It just dawned on me that this was the first year I didn’t do a year in review comedy show. Consequently, I didn’t scour the web for pop culture references and try to make jokes that would be funny for all of one week. I did, however, read a lot of very interesting 2012 year in review posts about entrepreneurship, science, advertising, et al. Here is the first in a series of posts about my favorite 2012 year in review articles and a couple of highlights that I found interesting.
Favorite 2012 Year in Review Posts
Patrick Mckenzie from Bingo Card Creator and Appointment Reminder [Entrepreneurship]
Patrick Mckenzie (AKA patio11) is known on the internet for his contributions to sites like Hacker News. He shares a lot of his personal experience with pricing your services, SEO, A/B testing, and email drip marketing. He has historically shared a lot of this on his blog. He has since expanded to email lists, podcasts, video training courses, and ebooks. In addition to consulting, he runs two products on his own:
- A website that creates bingo cards for teachers.
- A SaaS app to help businesses remind their customers’ about upcoming appointments.
I really enjoy Patrick’s writing. It’s very valuable because it is highly actionable and cites specific examples. Here are some tidbits that I’ve learned from Patrick this year and how I’ve applied it:
- A/B testing is becoming easier every year and a lot of companies still don’t do it. Why is that? Well, companies don’t understand that they are leaving money on the table by not experimenting. Others don’t know how to get started. This was certainly true of my experience at Microsoft. Though, many groups at Microsoft didn’t directly care about money. Sadly, all of the online projects that I saw would not experiment at all. The sign-up process and first user experience may change every 3-6 months, but the change wouldn’t be A/B tested! It would be fire and forget. Thus, the drop-off rate would be astronomically high, retention rates would be incredibly low, and user acquisition wouldn’t improve.
I took it upon myself to learn through experimenting with a side project. I launched a funny sad trombone site to get some hands on experience with everything I couldn’t do at my day job: namely SEO, A/B testing, and conversion rate optimization (CRO). It was a great learning experience. And just by applying what I’ve learned from Patrick to my stupid side project helped me get the skills necessary to help real businesses meaningfully increase their conversion rates for all sorts of things (email registration, selling digital items, improving email open rates, etc). If you’d like help optimizing conversions on your site or email campaigns, contact me.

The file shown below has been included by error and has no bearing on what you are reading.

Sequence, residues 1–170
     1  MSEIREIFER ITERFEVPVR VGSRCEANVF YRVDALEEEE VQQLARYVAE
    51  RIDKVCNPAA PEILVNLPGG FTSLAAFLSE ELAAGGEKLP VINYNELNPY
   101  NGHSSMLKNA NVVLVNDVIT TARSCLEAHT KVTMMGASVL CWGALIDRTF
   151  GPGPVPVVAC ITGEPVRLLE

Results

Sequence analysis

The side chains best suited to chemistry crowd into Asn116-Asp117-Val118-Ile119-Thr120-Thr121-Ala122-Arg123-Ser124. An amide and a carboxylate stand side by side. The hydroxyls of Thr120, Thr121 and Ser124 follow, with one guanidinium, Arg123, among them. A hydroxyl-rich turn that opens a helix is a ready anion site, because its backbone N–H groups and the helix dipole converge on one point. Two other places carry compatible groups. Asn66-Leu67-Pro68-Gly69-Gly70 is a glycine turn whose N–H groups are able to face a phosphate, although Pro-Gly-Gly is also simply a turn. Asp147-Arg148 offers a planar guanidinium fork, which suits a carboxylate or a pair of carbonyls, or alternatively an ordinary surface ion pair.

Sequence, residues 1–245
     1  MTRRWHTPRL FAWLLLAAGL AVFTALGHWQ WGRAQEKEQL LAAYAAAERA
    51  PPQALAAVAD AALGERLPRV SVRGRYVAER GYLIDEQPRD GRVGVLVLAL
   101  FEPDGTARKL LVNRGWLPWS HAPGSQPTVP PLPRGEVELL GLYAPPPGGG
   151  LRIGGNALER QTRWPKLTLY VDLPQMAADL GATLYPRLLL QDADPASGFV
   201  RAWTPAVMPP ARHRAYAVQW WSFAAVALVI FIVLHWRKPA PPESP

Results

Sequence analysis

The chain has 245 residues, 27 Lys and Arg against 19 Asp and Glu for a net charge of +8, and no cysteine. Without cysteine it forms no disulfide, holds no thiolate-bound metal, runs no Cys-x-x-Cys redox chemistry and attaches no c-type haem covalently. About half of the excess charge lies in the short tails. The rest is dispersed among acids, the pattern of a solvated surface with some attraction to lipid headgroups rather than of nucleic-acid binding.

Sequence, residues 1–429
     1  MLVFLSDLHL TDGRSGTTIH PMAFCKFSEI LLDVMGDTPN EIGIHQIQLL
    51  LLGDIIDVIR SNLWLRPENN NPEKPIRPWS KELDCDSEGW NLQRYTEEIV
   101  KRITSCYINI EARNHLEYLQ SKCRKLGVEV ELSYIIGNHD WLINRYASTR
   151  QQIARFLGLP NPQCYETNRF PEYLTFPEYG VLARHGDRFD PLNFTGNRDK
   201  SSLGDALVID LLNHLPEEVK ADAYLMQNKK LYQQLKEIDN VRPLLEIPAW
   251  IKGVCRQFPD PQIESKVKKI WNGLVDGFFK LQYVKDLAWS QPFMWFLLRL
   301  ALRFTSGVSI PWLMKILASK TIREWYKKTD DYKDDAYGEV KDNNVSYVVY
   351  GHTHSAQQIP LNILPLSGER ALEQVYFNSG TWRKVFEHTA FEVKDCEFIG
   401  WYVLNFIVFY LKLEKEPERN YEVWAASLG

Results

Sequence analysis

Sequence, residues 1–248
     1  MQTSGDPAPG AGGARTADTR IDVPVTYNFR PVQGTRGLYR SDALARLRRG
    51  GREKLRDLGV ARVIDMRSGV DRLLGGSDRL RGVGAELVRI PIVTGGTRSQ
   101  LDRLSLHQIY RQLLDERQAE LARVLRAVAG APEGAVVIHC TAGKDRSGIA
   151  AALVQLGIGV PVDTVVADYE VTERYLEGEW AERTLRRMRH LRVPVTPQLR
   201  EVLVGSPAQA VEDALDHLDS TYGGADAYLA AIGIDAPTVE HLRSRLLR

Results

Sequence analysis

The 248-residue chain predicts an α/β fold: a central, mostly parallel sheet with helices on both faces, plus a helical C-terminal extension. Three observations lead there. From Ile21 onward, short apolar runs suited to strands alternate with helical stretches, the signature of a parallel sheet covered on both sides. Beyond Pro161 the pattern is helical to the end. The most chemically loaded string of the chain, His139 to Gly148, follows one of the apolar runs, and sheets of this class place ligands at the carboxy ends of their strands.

- 98% / 2% rule – Both Patrick Mckenzie and Ramit Sethi claim that 98% of the time they give something valuable for free; 2% of the time they sell services or charge a premium. For me, this reinforces the need for me to blog about my experiences. It is certainly great for me to reinforce what I learn and help others in the process. It’s one of the main reasons why I continue to do my weekly tech news podcast. It’s a fun way to keep people abreast of what I’m up to, the viewers love it, and it has a reach of 30k-60k views/week. My ultimate goal is that this will help people see me as a credible and trustworthy person. And when it comes time to partner up, they will understand me and have a consistently positive experience and it should make the selling/partnering motions easier.
I’ve learned a lot more from Patrick than what’s listed above. I will no doubt cite him more in future posts. In the meantime, check out Patrick’s 2012 Year in Review.
There will be more posts to come covering my favorites in other categories like advertising, entertainment, and science.
Also, if you haven’t already… check out my Favorite Memories of 2012.
Paul Mestemaker is a full stack engineer /Product guy who splits time between Los Angeles and San Francisco. He helps startups launch their MVPs and gather feedback through usability tests and live site metrics.
In his former life, Paul was a co-founder of Mythly Studios and System Center Advisor and Head of Product at Close Inc. He co-authored a book on SQL Server performance tuning. He has been rated as a top speaker at conferences (TechEd, PASS, Connections, et al). He is also a guest lecturer at Colleges and Universities across the U.S. He was the co-host of a weekly tech news show with over 6 million views. Paul's proudest accomplishments is unlocking the "World Champ" achievement on Wordament.